Editor’s note: The following “Letter to the Editor” was first emailed to the Society of Hospital Medicine, its board president, and John Nelson, MD, MHM, the author of the article, “Hospitalist Roles for NPs and PAs,” which published in the January 2017 issue. All parties agreed to publish the email exchange in The Hospitalist.
Sent: Sunday, February 12, 2017 9:59 AM
Subject: Offensive article on hospitalist roles for NPs, PAs
I have been a hospitalist NP (nurse practitioner) for a decade and found the in the January issue of The Hospitalist, Volume 21, Number 1, on the Hospitalist Roles for NPs and PAs, offensive and uninformed, with an intolerable amount of personal opinion not backed by research.
I am disappointed that The Hospitalist would publish such a low-class article. Your [magazine] promotes membership to all APPs (advanced practice providers), yet you publish articles that show a study with a positive finding yet allow and highlight an incredibly negative and offensive snippet. The highlighted box states that “Any group that thinks this study is evidence that adding more APPs and having them manage a high number of patients relatively independently will go well in any setting is MISTAKEN ... But it does offer a STORY of one place where, with careful planning and execution, it went OK.”
I can only say that the physicians, APPs, and hospital group who did this study would likely also be offended for taking their study and turning it into a “story.”
EDUCATE yourselves. There are numerous studies out there showing care by APP’s is cost effective, efficient, and with excellent care outcomes. There is a national group, (Advanced Practice Provider Executives), that can give you all the studies you would want showing this information. Or contact the national NP or PA groups.
I am a working hospitalist NP and appreciate my physician colleagues and have their respect. This “John” person obviously doesn’t respect APPs and to publish him is just disheartening.
This publication could have and should have done better. You have one APP on your editorial advisory board – it appears you need more.
Marci Harris, MSN, FNP, ACNP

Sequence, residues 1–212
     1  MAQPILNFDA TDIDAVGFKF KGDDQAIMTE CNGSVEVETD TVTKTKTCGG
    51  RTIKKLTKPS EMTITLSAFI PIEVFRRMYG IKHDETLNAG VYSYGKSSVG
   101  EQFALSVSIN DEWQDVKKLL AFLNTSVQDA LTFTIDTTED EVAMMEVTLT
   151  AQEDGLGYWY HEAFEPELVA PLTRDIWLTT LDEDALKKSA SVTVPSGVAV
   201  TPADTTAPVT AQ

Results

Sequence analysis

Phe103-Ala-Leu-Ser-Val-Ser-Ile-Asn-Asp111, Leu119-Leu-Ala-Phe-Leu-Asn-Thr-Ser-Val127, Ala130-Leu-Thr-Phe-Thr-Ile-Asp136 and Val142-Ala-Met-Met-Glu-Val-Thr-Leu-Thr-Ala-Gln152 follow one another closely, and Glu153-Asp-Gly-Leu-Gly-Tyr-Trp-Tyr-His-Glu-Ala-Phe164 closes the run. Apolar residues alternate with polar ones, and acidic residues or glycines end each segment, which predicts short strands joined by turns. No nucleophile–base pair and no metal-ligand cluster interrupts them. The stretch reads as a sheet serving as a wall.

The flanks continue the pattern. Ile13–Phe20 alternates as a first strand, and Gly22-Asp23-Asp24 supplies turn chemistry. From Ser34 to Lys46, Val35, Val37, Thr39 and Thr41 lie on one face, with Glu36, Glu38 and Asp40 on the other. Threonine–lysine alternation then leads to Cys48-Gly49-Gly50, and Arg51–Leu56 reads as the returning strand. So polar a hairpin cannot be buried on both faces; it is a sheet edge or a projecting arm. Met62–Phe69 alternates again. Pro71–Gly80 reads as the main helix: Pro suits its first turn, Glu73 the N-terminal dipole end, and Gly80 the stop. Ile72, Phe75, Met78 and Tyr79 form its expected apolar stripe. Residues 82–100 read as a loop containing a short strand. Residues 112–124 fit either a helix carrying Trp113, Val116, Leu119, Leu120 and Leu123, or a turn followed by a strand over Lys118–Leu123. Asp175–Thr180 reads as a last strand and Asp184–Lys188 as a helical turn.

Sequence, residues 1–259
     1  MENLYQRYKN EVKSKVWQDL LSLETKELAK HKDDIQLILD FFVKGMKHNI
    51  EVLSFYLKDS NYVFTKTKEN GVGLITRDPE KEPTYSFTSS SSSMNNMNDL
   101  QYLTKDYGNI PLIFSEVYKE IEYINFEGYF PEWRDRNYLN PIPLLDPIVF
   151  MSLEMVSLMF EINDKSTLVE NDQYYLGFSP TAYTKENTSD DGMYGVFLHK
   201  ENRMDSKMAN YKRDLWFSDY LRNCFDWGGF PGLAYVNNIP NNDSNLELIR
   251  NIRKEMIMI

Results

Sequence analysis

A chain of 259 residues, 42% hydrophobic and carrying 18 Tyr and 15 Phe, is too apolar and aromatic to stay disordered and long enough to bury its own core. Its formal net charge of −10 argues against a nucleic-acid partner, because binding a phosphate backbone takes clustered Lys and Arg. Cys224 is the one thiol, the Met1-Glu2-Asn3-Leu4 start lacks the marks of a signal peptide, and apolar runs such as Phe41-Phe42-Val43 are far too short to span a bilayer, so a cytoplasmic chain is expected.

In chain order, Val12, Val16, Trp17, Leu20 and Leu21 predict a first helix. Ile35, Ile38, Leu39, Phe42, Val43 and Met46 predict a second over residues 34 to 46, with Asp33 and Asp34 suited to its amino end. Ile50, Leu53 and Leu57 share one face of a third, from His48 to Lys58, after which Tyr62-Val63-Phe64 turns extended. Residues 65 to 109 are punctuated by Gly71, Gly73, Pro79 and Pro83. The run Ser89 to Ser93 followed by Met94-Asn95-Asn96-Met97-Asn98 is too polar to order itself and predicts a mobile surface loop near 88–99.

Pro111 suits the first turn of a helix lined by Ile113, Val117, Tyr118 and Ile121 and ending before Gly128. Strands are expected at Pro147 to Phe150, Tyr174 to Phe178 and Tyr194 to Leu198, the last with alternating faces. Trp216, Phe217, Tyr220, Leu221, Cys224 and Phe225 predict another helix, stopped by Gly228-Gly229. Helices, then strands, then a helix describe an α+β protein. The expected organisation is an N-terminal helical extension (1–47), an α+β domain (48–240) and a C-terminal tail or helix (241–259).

Acute Care Nurse Practitioner
McKee Medical Center, Loveland, Colo.
Dr. Nelson responds:
Thanks for your message, Marci. It seems clear you’ve thought a lot about NPs and PAs in hospitalist practices and have arrived at conclusions that differ from what I wrote. Your voice and views are welcome.
I certainly didn’t intend to offend anyone, including those who might see all of this very differently from me.
As I mention in the first paragraph, I’m very supportive of NPs and PAs in hospitalist practices. And I wanted to write about this particular study precisely because it provides data that is very supportive of their contributions.
The point I was trying to make in the column is that there is value in careful planning around roles and who does what. A sports team could recruit the most talented players but still won’t perform well if they don’t develop and execute a good plan around who does what and how they work together. Simply having talented people on the team isn’t enough. I think the same is true of hospitalist teams.
The hospitalist group in the study has an impressively detailed plan for new provider (APC and MD alike) orientation and has a lot of operating processes that help ensure the PAs and MDs work effectively together. My experience is that many hospitalists groups have never developed such a plan.
John Nelson, MD, MHM
Partner, Nelson Flores Hospital Medicine Consultants, Bellevue, Wash.